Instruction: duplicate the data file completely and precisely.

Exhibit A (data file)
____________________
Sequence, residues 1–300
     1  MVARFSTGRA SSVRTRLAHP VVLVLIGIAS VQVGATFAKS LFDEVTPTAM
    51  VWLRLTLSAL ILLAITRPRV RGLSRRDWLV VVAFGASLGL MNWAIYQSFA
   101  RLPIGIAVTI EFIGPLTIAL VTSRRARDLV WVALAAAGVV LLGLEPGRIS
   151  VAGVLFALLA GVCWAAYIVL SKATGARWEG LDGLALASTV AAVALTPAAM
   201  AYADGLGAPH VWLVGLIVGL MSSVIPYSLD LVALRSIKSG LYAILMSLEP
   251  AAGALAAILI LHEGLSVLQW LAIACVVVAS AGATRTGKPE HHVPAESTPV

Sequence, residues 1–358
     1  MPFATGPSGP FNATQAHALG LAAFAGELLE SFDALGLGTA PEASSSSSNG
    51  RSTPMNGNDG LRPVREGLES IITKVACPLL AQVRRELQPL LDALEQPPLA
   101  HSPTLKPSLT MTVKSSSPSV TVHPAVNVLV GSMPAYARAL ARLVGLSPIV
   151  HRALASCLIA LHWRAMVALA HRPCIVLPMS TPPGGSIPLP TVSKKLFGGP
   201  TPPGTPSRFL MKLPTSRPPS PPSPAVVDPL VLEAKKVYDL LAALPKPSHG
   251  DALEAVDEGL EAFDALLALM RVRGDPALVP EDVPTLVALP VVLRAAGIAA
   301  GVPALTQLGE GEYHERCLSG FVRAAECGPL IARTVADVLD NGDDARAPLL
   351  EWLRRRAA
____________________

Sequence, residues 1–300
     1  MVARFSTGRA SSVRTRLAHP VVLVLIGIAS VQVGATFAKS LFDEVTPTAM
    51  VWLRLTLSAL ILLAITRPRV RGLSRRDWLV VVAFGASLGL MNWAIYQSFA
   101  RLPIGIAVTI EFIGPLTIAL VTSRRARDLV WVALAAAGVV LLGLEPGRIS
   151  VAGVLFALLA GVCWAAYIVL SKATGARWEG LDGLALASTV AAVALTPAAM
   201  AYADGLGAPH VWLVGLIVGL MSSVIPYSLD LVALRSIKSG LYAILMSLEP
   251  AAGALAAILI LHEGLSVLQW LAIACVVVAS AGATRTGKPE HHVPAESTPV

Sequence, residues 1–358
     1  MPFATGPSGP FNATQAHALG LAAFAGELLE SFDALGLGTA PEASSSSSNG
    51  RSTPMNGNDG LRPVREGLES IITKVACPLL AQVRRELQPL LDALEQPPLA
   101  HSPTLKPSLT MTVKSSSPSV TVHPAVNVLV GSMPAYARAL ARLVGLSPIV
   151  HRALASCLIA LHWRAMVALA HRPCIVLPMS TPPGGSIPLP TVSKKLFGGP
   201  TPPGTPSRFL MKLPTSRPPS PPSPAVVDPL VLEAKKVYDL LAALPKPSHG
   251  DALEAVDEGL EAFDALLALM RVRGDPALVP EDVPTLVALP VVLRAAGIAA
   301  GVPALTQLGE GEYHERCLSG FVRAAECGPL IARTVADVLD NGDDARAPLL
   351  EWLRRRAA